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KEY Oklahoma City

diningOklahoma City will host the 11th Annual Oklahoma City Memorial Marathon on May 1. The event is not only a tribute to the victims, family members and survivors of the bombing, but a way for many to give back to the community.

“The Oklahoma City bombing is one of those events in recent history that people can remember exactly what they were doing when it happened,” one runner said. “I felt an urge to help, but was young and had little opportunity. When I learned of the Memorial Marathon, I was given a second chance.” Indeed, the Memorial Marathon is a race that is not just about running. It is a race to show that individuals—united by a common purpose—can make a difference.

This is the spirit in which the Oklahoma City Memorial Marathon was conceptualized by Thomas Hill and Chet Collier, two Oklahoma businessmen who, while on a morning run, created the outline for this inspiring event.

A group of 24 volunteer chairmen lead a volunteer corps of more than 6,000 to carry out the full weekend of events. From its inaugural race in 2001 with just shy of 5,000 participants, the 2010 event hosted 22,000 runners and walkers from 49 states and six foreign countries.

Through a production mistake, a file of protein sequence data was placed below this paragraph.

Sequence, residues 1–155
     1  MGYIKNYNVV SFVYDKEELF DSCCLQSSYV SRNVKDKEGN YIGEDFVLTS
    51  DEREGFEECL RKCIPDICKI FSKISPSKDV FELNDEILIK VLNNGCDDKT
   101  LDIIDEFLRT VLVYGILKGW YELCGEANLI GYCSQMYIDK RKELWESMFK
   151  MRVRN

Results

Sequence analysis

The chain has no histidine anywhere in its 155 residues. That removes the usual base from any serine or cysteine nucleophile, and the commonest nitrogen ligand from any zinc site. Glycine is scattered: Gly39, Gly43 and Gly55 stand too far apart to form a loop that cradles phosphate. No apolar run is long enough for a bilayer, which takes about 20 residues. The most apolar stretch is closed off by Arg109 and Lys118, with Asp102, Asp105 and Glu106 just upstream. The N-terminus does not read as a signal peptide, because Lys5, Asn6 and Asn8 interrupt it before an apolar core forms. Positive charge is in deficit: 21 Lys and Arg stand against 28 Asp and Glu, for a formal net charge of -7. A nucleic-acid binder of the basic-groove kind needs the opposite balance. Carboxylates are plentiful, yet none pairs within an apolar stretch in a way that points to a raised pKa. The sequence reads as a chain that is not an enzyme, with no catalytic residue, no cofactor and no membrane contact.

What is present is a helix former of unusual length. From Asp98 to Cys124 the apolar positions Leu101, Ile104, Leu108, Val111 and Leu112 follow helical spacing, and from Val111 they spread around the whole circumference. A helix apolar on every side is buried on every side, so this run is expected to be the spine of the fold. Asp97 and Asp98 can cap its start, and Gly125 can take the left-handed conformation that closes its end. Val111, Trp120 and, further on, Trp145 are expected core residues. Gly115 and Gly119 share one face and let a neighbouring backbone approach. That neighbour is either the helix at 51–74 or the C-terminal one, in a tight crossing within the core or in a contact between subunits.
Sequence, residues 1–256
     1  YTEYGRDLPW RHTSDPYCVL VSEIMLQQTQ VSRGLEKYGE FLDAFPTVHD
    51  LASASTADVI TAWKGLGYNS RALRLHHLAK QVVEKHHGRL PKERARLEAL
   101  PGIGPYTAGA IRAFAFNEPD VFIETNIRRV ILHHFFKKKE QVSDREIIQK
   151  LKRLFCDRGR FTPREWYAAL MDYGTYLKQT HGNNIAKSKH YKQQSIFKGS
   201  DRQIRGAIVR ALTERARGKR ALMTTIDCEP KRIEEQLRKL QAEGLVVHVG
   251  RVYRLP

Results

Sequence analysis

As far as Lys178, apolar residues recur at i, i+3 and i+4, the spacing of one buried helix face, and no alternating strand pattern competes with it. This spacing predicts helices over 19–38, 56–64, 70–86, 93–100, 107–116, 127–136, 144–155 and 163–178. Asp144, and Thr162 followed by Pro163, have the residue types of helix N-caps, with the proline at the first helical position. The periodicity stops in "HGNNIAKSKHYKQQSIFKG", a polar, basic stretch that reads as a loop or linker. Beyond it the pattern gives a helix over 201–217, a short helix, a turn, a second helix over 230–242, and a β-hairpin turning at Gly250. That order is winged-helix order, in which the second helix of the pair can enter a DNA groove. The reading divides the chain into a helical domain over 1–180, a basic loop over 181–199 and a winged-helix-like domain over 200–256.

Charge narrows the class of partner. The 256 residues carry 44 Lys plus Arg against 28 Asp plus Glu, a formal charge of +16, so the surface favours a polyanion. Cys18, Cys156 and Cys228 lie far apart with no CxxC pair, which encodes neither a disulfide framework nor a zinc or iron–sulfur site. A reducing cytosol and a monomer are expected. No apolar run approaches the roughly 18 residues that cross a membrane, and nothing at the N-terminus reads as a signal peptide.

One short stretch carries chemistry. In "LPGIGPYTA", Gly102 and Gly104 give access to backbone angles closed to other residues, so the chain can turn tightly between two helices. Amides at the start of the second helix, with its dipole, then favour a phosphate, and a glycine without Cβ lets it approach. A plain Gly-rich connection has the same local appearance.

The Oklahoma City Memorial Marathon is a Boston qualifying USATF sanctioned event on a certified (OK-08019-DG) 26.2 mile single loop course. Participants can register online at www.okcmarathon.com until noon on Monday, April 25.

But the Oklahoma City National Memorial & Museum does far more for the community than host a race. Earlier this year, more than 2,000 visitors came to the Oklahoma City National Memorial & Museum on North Harvey Avenue for a special occasion. They gathered not for a somber reflection of the bombing that devastated the city on April 19, 1995, but to celebrate the Museum’s 10th birthday and usher in a year of programming that reflects how much the institution has evolved into a core member of the community.

“It was an extremely uplifting event,” said Executive Director Kari Watkins. “In addition to the families and friends we’ve grown with over the years, we were joined by plenty who were visiting for the first time. Many said said they always felt reluctant to stop by because they assumed it would be a depressing experience. In fact, they left that day with quite the opposite reaction—one of optimism and hope.”

The Oklahoma City National Memorial & Museum is located at 620 North Harvey Avenue. The Memorial is open 24 hours a day, 365 days a year. Museum hours of operation are Monday through Saturday from 9:00AM to 6:00PM and Sunday from noon to 6:00PM. Admission is $10 for adults, $8 for seniors, members of the military and students ages 6-17. Children ages 5 and under are free. Admission will be free on April 19, 2011, in honor of the 16th anniversary of the bombing.





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